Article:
Figure 3: Turn off the Add New Category button based on permissions

Create User Security Classes

To secure an application, you need a couple of classes to hold user information. First, you need a user class to hold the user name and password that can be entered on a login page and verified against some data source. In the first part of this article, a mock set of logins is used for verification. Secondly, a user authentication/authorization class is used with properties for each item in your application you wish to secure.

Next, you need a security service class to authenticate a user and set properties in the user authentication/authorization object. The property values determine the permissions for the logged in user. You use the properties to turn on and off different menus, buttons or other UI elements on your pages.

User Class

Create the user class to hold the user name and password the user entered intothe login page. Right mouse-click on the \src\app folder and add a new folder named security. Right mouse-click on the new security folder and add a file named app-user.ts. Add two properties into this AppUser class as shown in the following code.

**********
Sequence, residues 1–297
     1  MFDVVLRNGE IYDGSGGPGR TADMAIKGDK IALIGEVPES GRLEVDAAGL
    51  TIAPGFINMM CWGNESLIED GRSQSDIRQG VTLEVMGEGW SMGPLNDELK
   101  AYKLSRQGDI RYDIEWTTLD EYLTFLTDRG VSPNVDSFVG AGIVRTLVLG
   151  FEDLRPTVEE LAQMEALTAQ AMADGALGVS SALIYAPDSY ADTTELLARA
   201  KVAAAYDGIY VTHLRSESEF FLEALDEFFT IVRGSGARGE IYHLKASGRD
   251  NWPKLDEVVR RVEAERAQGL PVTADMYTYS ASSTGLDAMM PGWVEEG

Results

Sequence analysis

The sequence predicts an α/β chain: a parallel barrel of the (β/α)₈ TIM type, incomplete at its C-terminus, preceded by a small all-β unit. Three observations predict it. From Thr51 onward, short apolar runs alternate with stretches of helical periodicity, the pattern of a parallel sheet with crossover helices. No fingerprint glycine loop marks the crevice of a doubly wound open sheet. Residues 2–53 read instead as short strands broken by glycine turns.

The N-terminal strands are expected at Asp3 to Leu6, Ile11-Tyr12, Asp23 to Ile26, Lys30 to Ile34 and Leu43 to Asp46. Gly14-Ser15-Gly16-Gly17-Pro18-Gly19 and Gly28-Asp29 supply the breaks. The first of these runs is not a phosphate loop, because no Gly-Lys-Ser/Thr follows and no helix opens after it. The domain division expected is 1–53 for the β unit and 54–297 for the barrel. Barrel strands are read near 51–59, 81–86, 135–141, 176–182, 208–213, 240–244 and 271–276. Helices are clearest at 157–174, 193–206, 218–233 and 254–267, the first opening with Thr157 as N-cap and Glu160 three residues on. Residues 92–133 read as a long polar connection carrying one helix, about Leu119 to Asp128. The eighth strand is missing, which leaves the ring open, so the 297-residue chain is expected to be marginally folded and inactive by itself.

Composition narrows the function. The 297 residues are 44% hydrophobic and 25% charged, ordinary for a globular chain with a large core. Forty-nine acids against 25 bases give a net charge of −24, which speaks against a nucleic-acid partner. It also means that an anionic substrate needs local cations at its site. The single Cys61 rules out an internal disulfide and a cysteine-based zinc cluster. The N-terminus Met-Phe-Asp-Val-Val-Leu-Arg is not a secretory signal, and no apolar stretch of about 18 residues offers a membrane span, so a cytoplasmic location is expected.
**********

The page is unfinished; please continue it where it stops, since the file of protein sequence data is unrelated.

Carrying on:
export class AppUser  {
    userName: string = "";
    password: string = "";
  }
  

AppUserClaim Class

To represent claims, create a class named AppUserClaim. This class mimics the Microsoft Identity table "AspNetUserClaims". Right mouse-click on the security folder and add a new file named app-user-claim.ts . Add the following code in this file.

  export class AppUserClaim  {
    claimId: number = 0;
    userId: number = 0;
    claimType: string = "";
    claimValue: string = "";
  }
  

User Authentication/Authorization Class

It is now time to create a class with an array of claims that will be used to turn menus and button off and on. Right mouse-click on thesecurity folder and add a new file named app-user-auth.ts. This class contains the userId and userName properties to hold the user id and name of the authenticated user, a bearerToken to be used when interacting with Web API calls, and a boolean property named isAuthenticated, which is only set to true when a user has been authenticated. The final property, claims, holds an array of claims. These claims are going to be hard-coded in this application, but in a future article, you will retrieve these via a Web API call.

  import { AppUserClaim } from "./app-user-claim";

  export class AppUserAuth {
    userId: number = 0;
    userName: string = "";
    bearerToken: string = "";
    isAuthenticated: boolean = false;
    claims: AppUserClaim[] = [];